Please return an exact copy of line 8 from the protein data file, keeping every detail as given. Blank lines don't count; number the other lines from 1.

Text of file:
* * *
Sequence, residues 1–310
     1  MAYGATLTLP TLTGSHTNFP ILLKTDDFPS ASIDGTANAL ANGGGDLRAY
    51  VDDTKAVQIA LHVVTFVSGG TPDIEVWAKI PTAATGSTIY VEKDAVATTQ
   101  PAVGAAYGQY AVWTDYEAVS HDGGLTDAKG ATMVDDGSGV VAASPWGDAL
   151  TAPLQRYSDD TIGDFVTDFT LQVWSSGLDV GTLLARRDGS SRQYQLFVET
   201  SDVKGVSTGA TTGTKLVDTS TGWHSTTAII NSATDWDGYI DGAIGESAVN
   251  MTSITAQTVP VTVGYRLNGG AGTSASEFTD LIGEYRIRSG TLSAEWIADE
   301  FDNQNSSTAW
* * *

   301  FDNQNSSTAW